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Norwich UK (SPX) Jan 16, 2013
A compound from the South African toothbrush tree inactivates a drug target for tuberculosis in a previously unseen way. Tuberculosis causes more deaths worldwide than any other bacterial disease. At the same time as rates are increasing, resistance strains are emerging due, in part, to non-compliance with the treatment required. Many current drugs are nearly 50 years old and alternatives are needed to the long, demanding treatment schedules.
The compound under research, diospyrin, binds to a novel site on a well-known enzyme, called DNA gyrase, and inactivates the enzyme. DNA gyrase is essential for bacteria and plants but is not present in animals or humans. It is established as an effective and safe drug target for antibiotics.
"The way that diospyrin works helps to explain why it is effective against drug-sensitive and drug-resistant strains of tuberculosis," said Professor Tony Maxwell from the John Innes Centre.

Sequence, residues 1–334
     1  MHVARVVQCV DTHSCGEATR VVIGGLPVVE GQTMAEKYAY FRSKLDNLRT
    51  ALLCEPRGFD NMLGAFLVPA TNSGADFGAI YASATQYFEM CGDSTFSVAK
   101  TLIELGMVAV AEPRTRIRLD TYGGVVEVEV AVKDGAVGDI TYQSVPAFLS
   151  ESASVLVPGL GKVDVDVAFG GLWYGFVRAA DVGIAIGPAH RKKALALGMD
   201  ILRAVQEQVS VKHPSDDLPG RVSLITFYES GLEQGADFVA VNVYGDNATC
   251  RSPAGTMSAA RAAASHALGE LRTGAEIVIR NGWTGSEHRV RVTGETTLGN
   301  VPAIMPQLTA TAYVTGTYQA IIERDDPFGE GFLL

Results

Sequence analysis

In traditional medicine the antibacterial properties of the tree are used for oral health and to treat medical complaints such bronchitis, pleurisy and venereal disease. Twigs from the tree are traditionally used as toothbrushes.
Most antibiotics originate from naturals sources, such as the soil bacteria Streptomyces. Antibiotics derived from plants are less common, but they are potentially rich sources of new medicines.
"Extracts from plants used in traditional medicine provide a source for novel compounds that may have antibacterial properties, which may then be developed as antibiotics," said Professor Maxwell.
"This highlights the value of ethnobotany and the value of maintaining biodiversity to help us address global problems."
The work on diospyrin and related naphthoquinone compounds is being continued by Professor Maxwell as part of the efforts of a consortium of European researchers, More Medicines For Tuberculosis (MM4TB). The collaboration between 25 labs across Europe is dedicated to the development of new drugs for TB.
The work was carried out by postdoctoral researcher Fred Collin and will be continued by South African research assistant Natassja Bush. It is published in the Journal of Biological Chemistry.
Norwich BioScience Institutes
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